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Have you received a tax refund this year? According to the Internal Revenue Service, more than 70% of taxpayers are expected to get a refund, so what are you planning to do with your windfall?
Whether you’re receiving a large chunk of money or just a few dollars everyone has the option to save either a portion or all of it. By choosing to save you'll ensure your money is stretched to the fullest potential. Below are five guaranteed strategies to stretch your tax refund this year:
1. Build Your Rainy Day Fund
First things first, if you talk to any financial advisor they're going to ask, do you have an emergency fund? If the answer is no, then this is the perfect place to start. Before working towards an emergency fund, let's clear up any misconceptions about what it is. An emergency fund is an account set aside in the event of a personal financial dilemma, like the loss of a job, a long-term sickness, or an unavoidable major expense. An emergency fund is different from your retirement fund or a normal savings account you might use for specific goals, and you'll want at least three to six months’ worth of necessary expenses stashed away. According to the Pew Charitable Trusts analysis, on average a medium-sized family's most expensive surprise purchase over the course of a year usually costs around $2,000. That's why having your fund built and ready to go when something unexpected occurs can have a huge, positive impact on your finances.
2. Pay Down Debt
There’s nothing worse for your wallet than dragging along debt and whether it’s high-interest rate credit cards or loans, you definitely don't want to ignore them. In fact, large sums of debt can cause all sorts of problems, like a lower credit score, mortgage loan application denial, or even relationship issues. SunTrust Bank surveyed couples and among those with relationship stress, nearly 44% said money was the core cause of the problem. Making the choice to pay down debt now is a sure-fire way to positively benefit your financial life and otherwise.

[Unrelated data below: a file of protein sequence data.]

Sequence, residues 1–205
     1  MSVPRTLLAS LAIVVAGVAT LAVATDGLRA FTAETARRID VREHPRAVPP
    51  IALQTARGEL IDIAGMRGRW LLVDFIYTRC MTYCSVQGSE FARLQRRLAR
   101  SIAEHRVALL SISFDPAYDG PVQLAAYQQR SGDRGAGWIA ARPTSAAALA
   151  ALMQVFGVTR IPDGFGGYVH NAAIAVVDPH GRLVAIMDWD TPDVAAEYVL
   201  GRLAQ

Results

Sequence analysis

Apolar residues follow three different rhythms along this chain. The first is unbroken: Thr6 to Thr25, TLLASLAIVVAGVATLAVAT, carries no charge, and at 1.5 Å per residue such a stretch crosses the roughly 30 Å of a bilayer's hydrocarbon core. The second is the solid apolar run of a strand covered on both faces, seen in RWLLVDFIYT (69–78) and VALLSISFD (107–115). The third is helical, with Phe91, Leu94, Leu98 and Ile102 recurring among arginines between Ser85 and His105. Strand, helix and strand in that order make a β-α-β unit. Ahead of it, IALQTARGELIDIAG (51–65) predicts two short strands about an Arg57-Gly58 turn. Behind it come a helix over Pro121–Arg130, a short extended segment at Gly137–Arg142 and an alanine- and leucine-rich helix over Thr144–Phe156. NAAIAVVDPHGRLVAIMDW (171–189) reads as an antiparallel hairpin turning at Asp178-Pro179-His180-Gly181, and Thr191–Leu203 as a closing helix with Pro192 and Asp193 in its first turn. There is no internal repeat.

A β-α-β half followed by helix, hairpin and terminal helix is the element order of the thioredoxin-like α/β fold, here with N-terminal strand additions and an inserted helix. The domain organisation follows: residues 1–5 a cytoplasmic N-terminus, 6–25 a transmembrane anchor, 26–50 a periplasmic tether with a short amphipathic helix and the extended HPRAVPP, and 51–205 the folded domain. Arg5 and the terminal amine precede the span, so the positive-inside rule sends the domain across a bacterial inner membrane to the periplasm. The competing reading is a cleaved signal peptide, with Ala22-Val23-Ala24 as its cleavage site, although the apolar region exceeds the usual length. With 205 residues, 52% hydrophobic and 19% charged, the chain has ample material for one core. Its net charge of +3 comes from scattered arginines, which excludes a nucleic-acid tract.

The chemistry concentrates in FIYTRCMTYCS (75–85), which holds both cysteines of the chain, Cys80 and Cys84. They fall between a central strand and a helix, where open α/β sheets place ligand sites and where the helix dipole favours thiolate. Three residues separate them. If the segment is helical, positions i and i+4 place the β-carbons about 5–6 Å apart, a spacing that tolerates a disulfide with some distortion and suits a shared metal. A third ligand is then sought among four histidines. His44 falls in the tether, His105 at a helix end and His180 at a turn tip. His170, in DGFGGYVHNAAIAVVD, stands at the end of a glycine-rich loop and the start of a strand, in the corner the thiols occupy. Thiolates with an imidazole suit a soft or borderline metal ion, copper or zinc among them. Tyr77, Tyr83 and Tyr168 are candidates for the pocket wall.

3. Save for Retirement
Another savings option to consider is investing in your retirement fund. This is a perfect place to save that refund, especially if your employer matches a portion of your contributions and you're not already maxing out the full contribution match. If you are you won't receive any added benefits to saving it here, besides having saved more. You also have the option of opening a separate Roth IRA and if you want multiple accounts. You're able to contribute up to $5,500 to a Roth IRA ($6,500 if your 50 and Up) and you can withdraw that money tax-free when entering retirement.
4. Open High-Interest Rates Account
Your basic savings account is probably the first place most of us think to deposit our refund, but there may be a better option: a high-interest rate savings account. They pay a significantly higher rate of interest, allowing you to rack up extra savings quicker. However, there are some catches to high-interest rate accounts: You may have to maintain a certain minimum balance or use your debit or credit card a specific number of times each month. This won't be the perfect option for everyone's financial picture so before opening an account, you'll want to research which type will best fit your finances.
5. Invest in the Market
You don't have to be a financial expert to start investing in stocks, nowadays investing apps like Acorns or Wealthfront make building an investment portfolio easy with just a few simple clicks. They can be a helpful tool to help stretch your money and get a jumpstart in the marketplace. To decide which app fits your needs ask yourself two questions: How much do I want to spend and where do I want to allocate it? If you don't want to spend a lot, an extremely affordable option is Acorns, starting at $1 a month for accounts under $5,000, it will automatically invest your assets through a computer-designated portfolio, meaning all the investment decisions are made for you. Acorns can also link to your bank account and after a purchase, it'll round up to the nearest dollar and invest the spare change. For example, if you spend $3.50 on a coffee then $.50 would be added to your investment portfolio. Similar to the computer-managed investing of Acorns, Wealthfront delivers the same hands-off approach, but with this app, you complete a questionnaire first and it'll determine which portfolios best match your risk tolerance. Wealthfront requires a minimum $500 deposit and if your balance remains less than $10,000 you can invest for free. Regardless of which app you choose they all come with a level of risk and dependent on the company, industry, and geographic location the risk factor on stocks will change.
Choosing to save, rather than spend your tax refund should be a no-brainer, and with these options, the choice becomes much easier.